However, there’s another part of ourselves that is even less conscious than our ordinary self — what some might call the lower self, the subconscious, unconscious, shadow, pain body, or id. In certain respects, we could also call this the somatic self or the animal self. There are various different ways that we may act when we are not fully conscious, and some may be more knowingly hurtful than others, but the fundamental characteristic of the lower self is not being aware of what we are experiencing or doing, just being on auto-pilot.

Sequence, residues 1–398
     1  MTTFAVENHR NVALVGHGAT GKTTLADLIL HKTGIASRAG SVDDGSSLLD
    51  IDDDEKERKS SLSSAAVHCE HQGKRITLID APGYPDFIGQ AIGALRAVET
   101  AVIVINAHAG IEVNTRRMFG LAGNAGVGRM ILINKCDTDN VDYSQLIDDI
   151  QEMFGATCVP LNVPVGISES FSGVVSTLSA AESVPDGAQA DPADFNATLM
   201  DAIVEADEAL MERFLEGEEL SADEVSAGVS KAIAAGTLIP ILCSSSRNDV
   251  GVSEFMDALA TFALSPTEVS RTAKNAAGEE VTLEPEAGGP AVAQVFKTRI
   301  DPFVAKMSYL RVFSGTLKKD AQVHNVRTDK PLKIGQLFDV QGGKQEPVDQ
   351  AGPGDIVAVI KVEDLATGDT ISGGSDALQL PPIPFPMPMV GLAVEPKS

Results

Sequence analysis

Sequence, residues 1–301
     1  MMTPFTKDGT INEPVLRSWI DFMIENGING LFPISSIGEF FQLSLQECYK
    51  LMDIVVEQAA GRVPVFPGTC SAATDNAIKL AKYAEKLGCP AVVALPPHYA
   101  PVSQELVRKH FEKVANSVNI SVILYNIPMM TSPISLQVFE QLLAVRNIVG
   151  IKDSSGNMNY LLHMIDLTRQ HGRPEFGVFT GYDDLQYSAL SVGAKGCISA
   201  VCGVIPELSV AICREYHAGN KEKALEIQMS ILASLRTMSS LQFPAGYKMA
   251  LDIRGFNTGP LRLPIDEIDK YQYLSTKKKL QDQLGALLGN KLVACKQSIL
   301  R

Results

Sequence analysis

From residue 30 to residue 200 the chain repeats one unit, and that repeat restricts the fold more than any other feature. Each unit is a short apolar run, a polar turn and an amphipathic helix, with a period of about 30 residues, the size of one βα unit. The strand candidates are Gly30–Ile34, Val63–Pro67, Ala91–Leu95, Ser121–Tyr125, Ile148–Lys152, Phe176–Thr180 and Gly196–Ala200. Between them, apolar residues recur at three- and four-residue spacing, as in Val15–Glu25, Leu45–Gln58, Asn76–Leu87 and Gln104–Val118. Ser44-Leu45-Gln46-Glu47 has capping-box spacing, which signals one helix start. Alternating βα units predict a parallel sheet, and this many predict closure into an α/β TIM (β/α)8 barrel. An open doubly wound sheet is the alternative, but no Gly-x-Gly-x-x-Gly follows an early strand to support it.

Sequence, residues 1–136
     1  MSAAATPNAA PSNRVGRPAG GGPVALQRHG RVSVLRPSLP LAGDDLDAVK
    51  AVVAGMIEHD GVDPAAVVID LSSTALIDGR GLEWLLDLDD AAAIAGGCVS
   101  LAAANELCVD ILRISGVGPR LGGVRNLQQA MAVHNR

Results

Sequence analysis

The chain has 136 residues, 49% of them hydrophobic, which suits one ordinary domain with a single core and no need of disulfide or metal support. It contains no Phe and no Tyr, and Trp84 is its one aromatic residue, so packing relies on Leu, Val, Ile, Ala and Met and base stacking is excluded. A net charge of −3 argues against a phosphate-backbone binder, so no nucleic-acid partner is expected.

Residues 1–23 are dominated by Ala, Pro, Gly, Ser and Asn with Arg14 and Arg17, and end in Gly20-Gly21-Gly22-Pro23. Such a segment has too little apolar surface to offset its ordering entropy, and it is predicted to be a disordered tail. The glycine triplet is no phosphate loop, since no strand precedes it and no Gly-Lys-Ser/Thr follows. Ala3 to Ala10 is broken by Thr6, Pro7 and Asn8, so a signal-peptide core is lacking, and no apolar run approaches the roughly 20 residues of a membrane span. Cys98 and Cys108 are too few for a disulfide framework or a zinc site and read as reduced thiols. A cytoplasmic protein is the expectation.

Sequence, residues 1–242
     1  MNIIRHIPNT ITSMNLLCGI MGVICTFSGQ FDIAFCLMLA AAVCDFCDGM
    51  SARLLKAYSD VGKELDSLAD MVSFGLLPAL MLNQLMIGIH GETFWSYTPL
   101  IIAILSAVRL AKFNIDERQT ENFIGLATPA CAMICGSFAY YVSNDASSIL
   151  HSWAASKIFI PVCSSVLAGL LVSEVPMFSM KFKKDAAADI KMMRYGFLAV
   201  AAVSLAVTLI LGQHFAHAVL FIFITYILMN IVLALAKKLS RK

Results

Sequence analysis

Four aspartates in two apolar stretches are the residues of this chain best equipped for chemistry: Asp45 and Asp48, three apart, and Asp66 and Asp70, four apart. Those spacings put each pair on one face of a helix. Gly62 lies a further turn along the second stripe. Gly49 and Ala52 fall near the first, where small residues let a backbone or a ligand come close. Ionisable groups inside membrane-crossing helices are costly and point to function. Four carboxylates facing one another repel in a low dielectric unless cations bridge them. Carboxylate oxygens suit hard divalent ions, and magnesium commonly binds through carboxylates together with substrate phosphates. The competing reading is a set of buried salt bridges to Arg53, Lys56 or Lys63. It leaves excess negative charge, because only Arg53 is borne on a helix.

In addition to our lower and ordinary selves, there's another part as well which various traditions would call the higher self, the superconscious, the Self, Buddha consciousness, Christ consciousness, the luminous self, the wisdom, mind, and many other names. Our higher self is the deepest and truest part of ourselves, the part of ourselves that is always there across the entirety of our existence, including any times when we’re not in our physical body. In other words, this is our soul, the most essential part of our energy, but it's only usually revealed in certain moments like during awakening experiences, in out-of-body or near death experiences (OOBEs and NDEs), or in dreams or visions. Some people have had experiences where their ordinary self or ego falls away and they don't feel identified with their self on an ongoing basis, as in Suzanne Segal’s book, Collision with the Infinite, where she no longer felt connected with an individual sense of personal volition and desires, and the term “I” didn’t feel relevant. In not as extreme a way, many people feel that after repeated awakening experiences, the intensity of their desires calms down, as in the Buddhist term nirvana for when the winds of desire stop blowing. After all, when we feel connected with the divine, we simply don’t need anything else.